Rove, who served as former President George W. Bush's deputy chief of staff, argued that Trump should steer clear of alleging corruption and attacking Biden's son, Hunter.
To illustrate his point, Rove pointed to a Washington Post op-ed penned by former White House chief speechwriter Marc Thiessen, who stated that Trump should "start winning over reluctant voters" instead of focusing on the purported corruption scandals involving the Biden family.
Rove said that the attacks that worked on former Secretary of State Hillary Clinton four years ago do not seem to be working on Biden.
"We knew about Hillary Clinton and Bill Clinton and all their dealings and all the stinky stuff for years. We don't have a similar picture about Joe Biden," he explained, arguing that it would be far more "effective" to talk about Biden's policies in the final stretch of the campaign.
Rove pointed to Trump's speech at a recent rally in Pennsylvania as an effective attack. During the speech, he repeatedly attacked his opponent for apparently flip-flopping on the issue of fracking, which many believe is important to working-class voters in the Keystone State.
Biden has seemingly made conflicting statements on the controversial practice. During the Democratic primaries, he suggested that he would ban fracking completely. He subsequently said that he would only ban the practice on federal lands.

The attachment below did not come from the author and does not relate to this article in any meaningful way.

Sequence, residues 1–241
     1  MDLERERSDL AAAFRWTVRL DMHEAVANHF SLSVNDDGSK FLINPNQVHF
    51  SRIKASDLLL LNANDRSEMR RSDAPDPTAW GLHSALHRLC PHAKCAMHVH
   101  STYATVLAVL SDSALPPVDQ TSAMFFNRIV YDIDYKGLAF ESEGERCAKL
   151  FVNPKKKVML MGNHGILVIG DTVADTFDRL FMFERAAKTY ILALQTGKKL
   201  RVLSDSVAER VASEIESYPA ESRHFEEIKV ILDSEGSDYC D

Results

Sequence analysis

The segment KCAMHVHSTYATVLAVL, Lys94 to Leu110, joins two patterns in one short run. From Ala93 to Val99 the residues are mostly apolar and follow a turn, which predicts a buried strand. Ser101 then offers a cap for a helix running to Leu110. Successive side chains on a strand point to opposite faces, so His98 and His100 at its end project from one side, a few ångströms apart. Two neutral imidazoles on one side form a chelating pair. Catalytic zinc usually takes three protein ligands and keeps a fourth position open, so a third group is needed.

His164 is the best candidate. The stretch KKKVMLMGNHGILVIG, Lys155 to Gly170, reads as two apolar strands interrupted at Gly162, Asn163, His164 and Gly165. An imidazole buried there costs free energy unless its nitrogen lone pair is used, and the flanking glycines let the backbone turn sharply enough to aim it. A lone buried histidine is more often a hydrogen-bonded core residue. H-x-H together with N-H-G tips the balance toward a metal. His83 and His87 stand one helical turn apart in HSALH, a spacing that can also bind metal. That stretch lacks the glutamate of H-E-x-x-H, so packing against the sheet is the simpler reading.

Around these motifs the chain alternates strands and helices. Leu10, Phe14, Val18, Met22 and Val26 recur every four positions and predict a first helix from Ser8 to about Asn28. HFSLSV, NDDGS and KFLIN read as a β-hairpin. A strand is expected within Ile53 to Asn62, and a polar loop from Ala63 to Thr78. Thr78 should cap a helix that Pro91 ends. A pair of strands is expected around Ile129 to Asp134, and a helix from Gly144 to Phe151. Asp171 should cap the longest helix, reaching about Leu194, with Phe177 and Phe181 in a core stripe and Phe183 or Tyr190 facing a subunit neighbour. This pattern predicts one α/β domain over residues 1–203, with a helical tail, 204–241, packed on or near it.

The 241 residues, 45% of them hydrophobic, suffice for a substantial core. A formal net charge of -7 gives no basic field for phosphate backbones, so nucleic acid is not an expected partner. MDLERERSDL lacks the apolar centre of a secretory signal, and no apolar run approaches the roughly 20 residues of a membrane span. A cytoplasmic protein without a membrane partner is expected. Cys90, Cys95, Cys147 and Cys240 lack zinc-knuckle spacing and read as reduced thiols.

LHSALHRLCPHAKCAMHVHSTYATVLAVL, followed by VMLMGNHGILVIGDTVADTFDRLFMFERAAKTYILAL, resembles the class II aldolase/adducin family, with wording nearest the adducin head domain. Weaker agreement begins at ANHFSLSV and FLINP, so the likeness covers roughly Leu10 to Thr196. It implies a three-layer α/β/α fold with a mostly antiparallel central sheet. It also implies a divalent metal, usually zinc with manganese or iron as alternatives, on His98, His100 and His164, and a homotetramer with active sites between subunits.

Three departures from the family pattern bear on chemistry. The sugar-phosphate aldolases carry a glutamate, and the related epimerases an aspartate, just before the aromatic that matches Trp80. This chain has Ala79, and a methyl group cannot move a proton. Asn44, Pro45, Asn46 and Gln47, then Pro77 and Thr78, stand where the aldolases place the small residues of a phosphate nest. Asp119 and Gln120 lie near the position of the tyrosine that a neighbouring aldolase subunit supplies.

According to Rove, the economy "matters a lot more than what's going on with Hunter Biden and yet another scandal involving influence peddling on his father's name."
He said that Trump should "lead with the economy" and only address other issues if they come up, stressing that the commander-in-chief should do his best to "make a sharp contrast between his policies and the policies of Joe Biden."
Other Republicans have issued similar warnings. As previously reported by The Inquisitr, a handful of Republican lawmakers advised Trump to stay away from personal attacks and focus on policy.
Senators John Thune of South Dakota, John Cornyn of Texas, Mike Braun of Indiana and Roy Blunt of Missouri all argued that the commander-in-chief would benefit from sticking to issues voters care about, such as the economy and the coronavirus pandemic.
Earlier this week, GOP pollster Frank Luntz said the same, blasting Trump's re-election campaign as the "worst" he has ever seen and saying that the president's advisers should be "brought up on charges of political malpractice."